Tributes pour in for late Quebec director Jean-Claude Lord

Minister of Canadian Heritage Pablo Rodriguez is among those sharing thoughts on the pioneering He Shoots, He Scores director, who has died at age 78.

The screen world is mourning the loss of Quebec director and producer Jean-Claude Lord, whose credits include the 1980s hockey drama series Lance et compte (He Shoots, He Scores) and the ’82 horror film Visiting Hours starring Michael Ironside and William Shatner.

His son, filmmaker Jean-Sebastien Lord, posted on social media over the weekend that his father died on Jan. 15 following a massive stroke on Dec. 30. He was 78.

“He was a great pioneer of cinema and television in Quebec,” Jean-Sebastien Lord wrote on Facebook.

“His social commitment was at the heart of his work, he liked to disturb, move, provoke and tell stories in his own way. He defined himself, not as an artist, but as a ‘communicator’ who liked to question the values of the society we live in.”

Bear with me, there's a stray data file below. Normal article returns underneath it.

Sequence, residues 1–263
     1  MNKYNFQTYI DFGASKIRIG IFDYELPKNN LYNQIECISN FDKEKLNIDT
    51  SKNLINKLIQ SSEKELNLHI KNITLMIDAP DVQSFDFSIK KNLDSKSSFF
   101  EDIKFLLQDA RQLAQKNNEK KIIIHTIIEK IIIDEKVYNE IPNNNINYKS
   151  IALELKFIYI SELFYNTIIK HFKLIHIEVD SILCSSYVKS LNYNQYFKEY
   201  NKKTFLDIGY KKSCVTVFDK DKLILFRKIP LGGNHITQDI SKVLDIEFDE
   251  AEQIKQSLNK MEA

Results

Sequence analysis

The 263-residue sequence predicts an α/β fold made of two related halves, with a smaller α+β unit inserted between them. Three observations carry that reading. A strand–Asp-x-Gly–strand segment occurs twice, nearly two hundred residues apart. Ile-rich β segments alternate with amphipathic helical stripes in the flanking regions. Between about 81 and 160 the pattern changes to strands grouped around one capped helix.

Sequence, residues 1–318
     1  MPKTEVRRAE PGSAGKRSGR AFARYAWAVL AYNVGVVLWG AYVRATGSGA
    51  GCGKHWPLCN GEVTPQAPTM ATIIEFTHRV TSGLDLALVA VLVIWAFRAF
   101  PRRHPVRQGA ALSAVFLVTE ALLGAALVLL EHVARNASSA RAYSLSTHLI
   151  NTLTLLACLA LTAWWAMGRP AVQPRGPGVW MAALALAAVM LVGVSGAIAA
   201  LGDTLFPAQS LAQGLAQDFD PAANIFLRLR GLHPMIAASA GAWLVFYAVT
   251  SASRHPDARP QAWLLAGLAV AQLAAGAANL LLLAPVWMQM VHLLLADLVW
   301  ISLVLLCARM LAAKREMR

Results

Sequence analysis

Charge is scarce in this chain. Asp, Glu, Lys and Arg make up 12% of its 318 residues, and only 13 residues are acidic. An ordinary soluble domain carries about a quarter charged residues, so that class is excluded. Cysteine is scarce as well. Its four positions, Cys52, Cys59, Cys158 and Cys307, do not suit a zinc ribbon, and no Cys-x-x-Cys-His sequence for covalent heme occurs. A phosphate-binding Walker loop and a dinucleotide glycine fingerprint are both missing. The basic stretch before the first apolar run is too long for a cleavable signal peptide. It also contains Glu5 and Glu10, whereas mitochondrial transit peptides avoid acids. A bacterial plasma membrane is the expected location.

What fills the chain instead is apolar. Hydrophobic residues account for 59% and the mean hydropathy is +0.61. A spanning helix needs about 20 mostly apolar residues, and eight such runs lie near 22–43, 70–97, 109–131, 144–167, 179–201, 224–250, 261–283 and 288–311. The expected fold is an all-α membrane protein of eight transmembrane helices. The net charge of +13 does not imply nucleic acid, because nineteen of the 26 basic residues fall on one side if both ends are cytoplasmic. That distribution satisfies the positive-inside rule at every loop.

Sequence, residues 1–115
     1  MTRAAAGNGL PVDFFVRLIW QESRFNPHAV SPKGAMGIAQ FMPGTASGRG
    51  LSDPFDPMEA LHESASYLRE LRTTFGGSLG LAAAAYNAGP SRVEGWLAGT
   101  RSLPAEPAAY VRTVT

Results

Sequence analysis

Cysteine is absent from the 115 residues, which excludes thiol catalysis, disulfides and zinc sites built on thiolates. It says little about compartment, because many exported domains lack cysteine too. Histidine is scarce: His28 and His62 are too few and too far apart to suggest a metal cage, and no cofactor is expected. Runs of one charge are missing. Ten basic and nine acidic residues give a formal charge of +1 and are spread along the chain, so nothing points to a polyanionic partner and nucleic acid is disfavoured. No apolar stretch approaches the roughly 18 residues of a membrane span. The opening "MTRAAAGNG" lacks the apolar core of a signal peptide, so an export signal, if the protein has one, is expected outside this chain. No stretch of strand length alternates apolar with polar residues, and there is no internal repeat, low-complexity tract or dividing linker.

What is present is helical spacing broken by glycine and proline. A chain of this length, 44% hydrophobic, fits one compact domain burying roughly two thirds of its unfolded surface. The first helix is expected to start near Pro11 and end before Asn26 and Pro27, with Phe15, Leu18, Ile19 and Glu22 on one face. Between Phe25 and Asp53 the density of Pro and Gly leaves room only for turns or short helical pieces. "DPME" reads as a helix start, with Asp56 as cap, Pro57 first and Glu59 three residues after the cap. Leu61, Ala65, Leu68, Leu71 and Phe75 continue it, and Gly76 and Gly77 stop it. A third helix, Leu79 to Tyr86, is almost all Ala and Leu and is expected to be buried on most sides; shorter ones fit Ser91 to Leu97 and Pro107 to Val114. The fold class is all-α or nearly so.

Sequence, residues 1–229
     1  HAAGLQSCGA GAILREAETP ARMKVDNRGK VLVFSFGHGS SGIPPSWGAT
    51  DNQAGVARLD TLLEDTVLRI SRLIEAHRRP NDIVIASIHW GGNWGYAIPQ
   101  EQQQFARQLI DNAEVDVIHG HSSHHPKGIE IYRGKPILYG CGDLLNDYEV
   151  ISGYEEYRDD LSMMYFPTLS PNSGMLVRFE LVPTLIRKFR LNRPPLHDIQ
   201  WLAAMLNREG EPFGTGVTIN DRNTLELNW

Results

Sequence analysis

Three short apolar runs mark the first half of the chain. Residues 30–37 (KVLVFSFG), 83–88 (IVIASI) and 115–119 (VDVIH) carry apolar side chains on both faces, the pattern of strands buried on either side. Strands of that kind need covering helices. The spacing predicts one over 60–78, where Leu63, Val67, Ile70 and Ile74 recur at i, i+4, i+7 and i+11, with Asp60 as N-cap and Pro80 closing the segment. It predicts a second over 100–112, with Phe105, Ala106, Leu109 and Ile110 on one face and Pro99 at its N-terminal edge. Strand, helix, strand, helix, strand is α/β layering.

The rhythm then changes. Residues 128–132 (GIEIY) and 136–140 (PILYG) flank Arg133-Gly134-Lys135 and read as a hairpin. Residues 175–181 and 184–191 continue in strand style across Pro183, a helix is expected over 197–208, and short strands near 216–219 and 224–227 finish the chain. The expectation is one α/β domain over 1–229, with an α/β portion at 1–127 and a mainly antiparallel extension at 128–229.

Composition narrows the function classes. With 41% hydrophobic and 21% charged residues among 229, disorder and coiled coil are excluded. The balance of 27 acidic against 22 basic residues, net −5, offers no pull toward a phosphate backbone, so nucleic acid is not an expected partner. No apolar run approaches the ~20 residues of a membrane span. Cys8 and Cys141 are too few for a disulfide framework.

Lord achieved commercial success starting in the 1970s with films including the Genie Award-nominated drama Éclair au chocolat and the thriller Bingo. He went on to a prolific career directing in TV and film, on projects including the ’77 political drama Panique (Panic), which was at Cannes; the ’93 Canadian-American crime drama series Sirens for ABC; and the ’88 film La Grenouille et la baleine (Tadpole and the Whale), which was part of Canadian producer Rock Demers’ popular family movie series.

Lord’s career honours included the 2017 Prix Guy-Mauffette awarded by the Quebec government.

“Through his films and TV series, he made us laugh, cry and introduced us to characters and moments that will forever remain in our memories,” Minister of Canadian Heritage Pablo Rodriguez wrote on Twitter.

Jean Yoon, star of CBC comedy Kim’s Convenience who worked with Lord on the Canadian series L’Or for Productions La Fete, called him a “giant” who was “wise, kind, brilliant.”

“It was an honour working with you. In L’Or you gave me my first chance to play a full character, culturally and linguistically fluent,” tweeted Yoon. “In 2000, L’Or presented an interracial Chinese-Canadian and White Canadian family storyline, with scenes in Mandarin. Jean-Claude never asked for an accent, he knew it was inappropriate.”

Lord’s son said ceremonies to commemorate the life of his father will be held “when health conditions can lend themselves to a more meaningful gathering.”

“He has touched so many people with his films and series that his departure is a great loss for the entire Quebec cultural environment,” wrote Jean-Sebastien Lord.